The evidence of climate change is everywhere, disturbing the earth’s physical, ecological and socio-economic spheres. Yet by stabilising atmospheric concentrations we could limit long-term global mean temperature increases to 2-3oC, rather than the 4-6oC projected in the OECD’s “business-as-usual” baseline.
This would be manageable if market instruments such as environmentally friendly taxes and emissions trading were used to put a “price” on carbon, complemented with appropriate standards, promotion of eco-innovation and sector-specific approaches.
The OECD Environmental Outlook finds that ambitious action to tackle climate change would be both affordable and achievable with such policies if all major emitters (countries and sectors) participated, if action was comprehensive and if we started now. Then, global emissions could be cut by an ambitious 40% or so by 2050 compared to 2000 levels, at an average loss of only 0.1 percentage points of GDP per year to 2050.
Determined leadership should be mobilised to implement ambitious policies in OECD countries, and in non-OECD countries, further progress should be encouraged using investment, technology transfer and development co-operation. Now is the time to make sure all new energy infrastructure and buildings are climate-friendly, particularly in rapidly expanding emerging economies. Mechanisms for sharing the cost burden with poorer countries unable to afford emissions reductions must be hammered out in international arenas.Policy responses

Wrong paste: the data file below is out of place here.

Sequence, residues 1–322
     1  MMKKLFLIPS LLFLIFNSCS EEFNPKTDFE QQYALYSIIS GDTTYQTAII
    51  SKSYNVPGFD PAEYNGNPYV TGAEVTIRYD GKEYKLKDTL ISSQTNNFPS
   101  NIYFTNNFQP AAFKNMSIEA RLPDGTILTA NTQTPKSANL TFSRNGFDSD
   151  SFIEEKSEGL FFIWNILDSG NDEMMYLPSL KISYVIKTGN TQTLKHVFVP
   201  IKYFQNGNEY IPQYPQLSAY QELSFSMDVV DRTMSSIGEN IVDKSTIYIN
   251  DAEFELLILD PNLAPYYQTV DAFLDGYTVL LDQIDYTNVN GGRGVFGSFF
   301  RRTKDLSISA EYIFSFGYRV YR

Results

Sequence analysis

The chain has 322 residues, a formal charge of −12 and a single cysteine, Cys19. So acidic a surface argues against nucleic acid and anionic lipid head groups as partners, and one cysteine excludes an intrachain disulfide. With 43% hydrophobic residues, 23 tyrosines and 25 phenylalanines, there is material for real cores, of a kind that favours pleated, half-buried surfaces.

- Start today to reduce global greenhouse gas emissions.
- To keep the cost of action low, create the conditions needed to involve all the big emitting countries in mitigation action under a post-2012 framework, i.e., when the current Kyoto agreement expires.
- Devise measures to put a global “price” on carbon, to stimulate research, development and deployment of climate friendly technologies and clean energy systems, and provide incentives to alter consumer and business behaviours.
- Strengthen national frameworks and strategies for better co-ordination and adaptation of climate change mitigation in areas like energy, transport, waste, land use and agriculture.
- Expand government capacity at all levels to work more effectively with nongovernmental actors (including businesses) on both mitigation and adaptation.
What would inaction bring? An increase of over 50% of global emissions by 2050 compared with 2005, meaning higher temperatures, more volatile weather patterns, rising sea levels, and threats to human security and the economy.FRESHWATER STRESS